Foundations of Decarbonization in China: A Post-2030 Perspective

| July 2017

Post-Workshop Summary

The Harvard-Tsinghua Workshop on Low-Carbon Development and Public Policy is the fourth annual joint workshop between the Harvard Kennedy School’s Environment and Natural Resources Program and the Center for Science, Technology, and Education Policy at Tsinghua University. The workshop convened leading experts on climate and energy from the United States and China at Tsinghua University in Beijing, China, on June 1-2, 2017.

The workshop was divided into five sessions. The first two sessions focused on the scope of the climate problem and the options for addressing it. The following three sessions explored specific options: renewable energy, nuclear power, and air pollution regulation.

Stabilizing the climate system requires substantial reduction in greenhouse gas (GHG) emissions, mainly through changes in energy systems that are currently dominated by fossil fuels. In the Paris Agreement, countries pledged to take voluntary carbon mitigation actions over the next 10-15 years. The climate system responds to cumulative GHG emissions, and carbon dioxide (CO2) can remain in the atmosphere for several centuries. Therefore, stabilizing CO2 emissions is not sufficient. The goal must be one of deep decarbonization, reducing global CO2 emissions to zero by the end of this century.

As the first and second largest CO2 emitters in the world, both China and the United States face critical challenges in the design, development, and implementation of deep decarbonization. China has pledged to peak its carbon emissions by 2030, and to increase the share of non-fossil energy in total primary energy to 20%. The United States pledged to reduce its carbon emissions by 26-28% below 2005 levels by 2025, a goal that is now being questioned as a result of President Trump’s recent decision to withdraw from the Paris Agreement. While these targets promise near- and mid-term steps to mitigate carbon emissions, much stronger efforts will be needed after 2030 to eventually achieve zero or negative emissions. Therefore, the path towards deep decarbonization will likely involve multiple stages, and the policy priorities will vary with each stage. For instance, the first stage, pre-2030, will focus on increasing wind and solar generation, and replacing coal with natural gas. The second stage, from 2030-2050, may focus on a continuing expansion of renewables, deployment of storage technologies, as well as electrification of the transport, heating, and industrial sectors. The third stage, post-2050, may focus on deploying CCS for natural gas use, biofuels and synthetic fuels, as well as advanced nuclear technologies.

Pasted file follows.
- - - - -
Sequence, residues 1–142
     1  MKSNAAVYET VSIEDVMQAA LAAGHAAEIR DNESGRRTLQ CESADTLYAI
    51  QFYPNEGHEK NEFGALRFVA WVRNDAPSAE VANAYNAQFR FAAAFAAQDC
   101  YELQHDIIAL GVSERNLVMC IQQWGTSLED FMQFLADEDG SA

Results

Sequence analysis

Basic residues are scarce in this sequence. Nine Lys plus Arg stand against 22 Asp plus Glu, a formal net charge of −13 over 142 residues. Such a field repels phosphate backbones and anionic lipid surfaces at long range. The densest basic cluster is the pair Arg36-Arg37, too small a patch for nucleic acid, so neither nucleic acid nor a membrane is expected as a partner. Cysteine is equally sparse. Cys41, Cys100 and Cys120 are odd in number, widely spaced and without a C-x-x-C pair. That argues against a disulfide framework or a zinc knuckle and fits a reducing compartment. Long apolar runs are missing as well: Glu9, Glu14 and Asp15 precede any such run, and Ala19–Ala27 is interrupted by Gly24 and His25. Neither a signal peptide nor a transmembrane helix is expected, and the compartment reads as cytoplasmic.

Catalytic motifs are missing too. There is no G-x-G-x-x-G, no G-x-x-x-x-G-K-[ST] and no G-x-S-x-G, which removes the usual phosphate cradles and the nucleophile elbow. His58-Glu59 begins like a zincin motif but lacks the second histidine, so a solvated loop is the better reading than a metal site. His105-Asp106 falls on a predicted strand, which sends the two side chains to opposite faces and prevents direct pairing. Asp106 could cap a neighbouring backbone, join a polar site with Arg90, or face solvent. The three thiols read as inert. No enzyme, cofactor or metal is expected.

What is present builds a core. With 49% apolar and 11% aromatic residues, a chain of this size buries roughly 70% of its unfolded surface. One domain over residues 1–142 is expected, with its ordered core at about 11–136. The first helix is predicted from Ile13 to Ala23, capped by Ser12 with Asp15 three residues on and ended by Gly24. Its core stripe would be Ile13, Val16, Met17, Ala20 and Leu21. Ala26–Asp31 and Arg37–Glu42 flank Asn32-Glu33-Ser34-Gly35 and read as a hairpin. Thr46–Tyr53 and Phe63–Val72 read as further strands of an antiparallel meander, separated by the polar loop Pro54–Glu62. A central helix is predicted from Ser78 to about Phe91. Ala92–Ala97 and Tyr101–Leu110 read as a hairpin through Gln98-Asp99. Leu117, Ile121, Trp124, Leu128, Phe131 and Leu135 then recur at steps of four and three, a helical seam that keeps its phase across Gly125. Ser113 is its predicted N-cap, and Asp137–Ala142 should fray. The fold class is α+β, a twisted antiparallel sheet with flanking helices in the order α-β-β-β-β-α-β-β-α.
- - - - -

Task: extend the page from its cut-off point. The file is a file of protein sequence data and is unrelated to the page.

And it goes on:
Compared to the United States, the fundamental challenge faced by China is its heavy reliance on coal. Analyses on potential decarbonization pathways for China highlight two findings. First, reducing carbon emissions beyond stabilization will be difficult. Multiple factors have contributed to reductions in the use of coal, including economic slowdown and the urgency to curb conventional air pollution. Under various assumptions on GDP growth projections, urbanization rates, and reductions in carbon intensity, the CO2 emissions peak is anticipated before 2030. However, the share of emissions from the electricity sector as a percentage of China’s total emissions is expected to continue to grow beyond 2030. A few key variables that will affect such a change after 2030 include the speed of renewable and nuclear scale-up, the level of efficiency improvement of incumbent coal power fleet, and the development of natural gas plants to meet demand when renewable energy is interrupted. In summary, it is widely acknowledged that achieving an energy mix that is decarbonized (necessary for deep reduction in carbon emissions) is a much more difficult task than the near-term target of 20-25% (necessary for peaking carbon emissions

Second, deep decarbonization scenarios for China’s energy system often depend on significantly scaling up renewable and nuclear generation in the electricity sector, as well as electrification efforts in the end-use sectors. Although these scenarios are carefully designed based on a deep understanding of China’s current energy system and projected growth, they still contain uncertainties. How to manage the intermittency problems for renewables and address safety concerns for nuclear energy are important challenges in almost every decarbonization scenario.

In this report, we start with a summary of the three key topics: electricity sector reform, synergies between climate and air pollution control efforts, and nuclear power development. We then focus on four cross-cutting themes that are relevant for all three topics: (a) implications of current policies on long-term decarbonization, (b) challenges in energy and climate governance, (c) public participation and engagement, and (d) decarbonization and the pursuit of other societal goals. Finally, we draw some preliminary conclusions and discuss potential directions for future scenarios.

For more information on this publication: Please contact Environment and Natural Resources
For Academic Citation: Lee, Henry, Wei Peng and Pu Wang. “Foundations of Decarbonization in China: A Post-2030 Perspective.” , July 2017.